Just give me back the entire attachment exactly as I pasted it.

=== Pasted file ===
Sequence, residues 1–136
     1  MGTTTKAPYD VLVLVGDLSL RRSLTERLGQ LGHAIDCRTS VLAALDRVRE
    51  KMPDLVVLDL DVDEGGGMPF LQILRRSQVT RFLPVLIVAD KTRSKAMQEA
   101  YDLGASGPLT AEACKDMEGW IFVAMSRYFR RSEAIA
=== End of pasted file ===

Sequence, residues 1–136
     1  MGTTTKAPYD VLVLVGDLSL RRSLTERLGQ LGHAIDCRTS VLAALDRVRE
    51  KMPDLVVLDL DVDEGGGMPF LQILRRSQVT RFLPVLIVAD KTRSKAMQEA
   101  YDLGASGPLT AEACKDMEGW IFVAMSRYFR RSEAIA